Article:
WD: Boybands were such a big part of his life at one point, so it was fun to kind of go back and explore that — he just has such a healthy and playful attitude towards it. Like Gina says, we do a lot of improv in the movie, and he pitches us a lot of jokes even outside his own dialogue. You know, not to mention the five new songs that he co-wrote!
GS: Yeah, he’s also having a really good time kind of delving into the past, in terms of the music, and he’s just having the best time. He was just popping around the studio last week. We had a bunch of studios going just working on all the music at once and just really being immersed in the story.
WD: Justin has always been such a partner on this thing. He’s not just somebody who records his voice or just acts like a helper on the music. He’s part of what makes these movies as great as they are.
How does it feel to be back to theatrical releases and being back with everyone after Trolls 2 was impacted by the pandemic?
WD: is great. It’s such a part of how we design the initial experience for the audience for these movies. I mean, it’s such an immersive, transformative world with a particular kind of texture and a particular look. So you really get immersed in that world of the big screen, plus the music. As you were saying, Gina, music is such a big part of this film, and we want to make you feel like you’re at a concert. And the theatre really gives you that experience!
GS: I mean, the film has scope of epic proportions. You know, we make them that way. We make them for the theatre experience.
WD: Yeah, it’s a party, like we said. I’ve been at screenings where people get up in the aisles and literally dance in the theatre, and it becomes this community experience.
TDF: What can you tell us about the music in this film, and how it differs from previous entries to the franchise? Is it inspired much by boy bands?
WD: It’s definitely more of a blend. There’s a nod to boybands and the 90s aesthetic, that’s for sure. But like all Trolls movies, it’s very eclectic and very diverse with a little bit more pop this time around.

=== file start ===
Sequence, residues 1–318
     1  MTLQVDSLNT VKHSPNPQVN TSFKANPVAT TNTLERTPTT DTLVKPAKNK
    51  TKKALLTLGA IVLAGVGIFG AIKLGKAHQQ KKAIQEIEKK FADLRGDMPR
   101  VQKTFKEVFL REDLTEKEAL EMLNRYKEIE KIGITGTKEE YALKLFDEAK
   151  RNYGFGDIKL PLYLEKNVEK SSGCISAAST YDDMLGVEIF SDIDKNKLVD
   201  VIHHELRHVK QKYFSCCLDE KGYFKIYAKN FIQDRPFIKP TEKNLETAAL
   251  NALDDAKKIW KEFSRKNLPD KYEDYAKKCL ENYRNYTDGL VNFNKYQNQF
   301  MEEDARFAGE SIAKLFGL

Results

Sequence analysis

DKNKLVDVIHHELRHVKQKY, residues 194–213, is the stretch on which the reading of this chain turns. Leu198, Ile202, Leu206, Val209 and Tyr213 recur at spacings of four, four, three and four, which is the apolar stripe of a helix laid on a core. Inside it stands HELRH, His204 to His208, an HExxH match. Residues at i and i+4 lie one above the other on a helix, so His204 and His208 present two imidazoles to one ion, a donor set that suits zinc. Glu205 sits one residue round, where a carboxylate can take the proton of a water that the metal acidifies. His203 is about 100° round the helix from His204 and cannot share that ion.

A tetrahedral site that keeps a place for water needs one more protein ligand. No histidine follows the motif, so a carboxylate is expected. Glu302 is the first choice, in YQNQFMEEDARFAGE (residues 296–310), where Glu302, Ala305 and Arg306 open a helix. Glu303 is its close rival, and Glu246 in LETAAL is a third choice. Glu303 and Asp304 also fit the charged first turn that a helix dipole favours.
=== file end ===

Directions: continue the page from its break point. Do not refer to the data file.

GS: Yeah, in comparison to the last movie where we explored so many different genres that this one is very, very pop-influenced.
WD: But we still explore musical eras, like, all through the decades, which we love. Like I think there’s music from the 60s all the way through to the 2000s.
TDF: Back in 2020, Justin Timberlake said there were plans for seven Trolls films — is this still on the cards?
WD: There’s a never-ending source of material for these movies. There’s so many places that it can go and we’ve discussed, like this one. You know, we talked about how we wanted to make a family tree movie since Trolls 1. And so, we’ve got a collection of other things and then there’s just the natural way that these characters and the world evolves. Like this movie wouldn’t happen if it weren’t for the events of Trolls World Tour. You know, like Branch’s, big brother saw what happened in Trolls World Tour and that’s how he found where Branch was to, you know, to start this next adventure.
TDF: The trailer hints at different animation styles in this film — what made you want to experiment?
WD: Well, again, I think the movie allows itself to have that kind of canvas. We can almost do anything in the Trolls universe, it really is just designed that way. Plus, you know, having my origins from 2D animation and being a big fan of psychedelic animation, we’ve definitely tried to weave that in there. There are other animation styles too. I mean, the whole of Trolls was really inspired by stop motion and puppetry, and it’s just a blend of things, but it celebrates what only animation can bring to cinema, I think.
GS: Yeah, I mean, we started working in animation in the 1990s. So we’ve been through a lot of all these diverse styles, from 2D to 3D.
WD: There’s always been this kind of quest to make animation look as real as possible. But as a crew, and as a team, we want to embrace the aesthetics of the history of animation. So hopefully, with this one, you’ll see us pay homage to new as well as some traditional animation.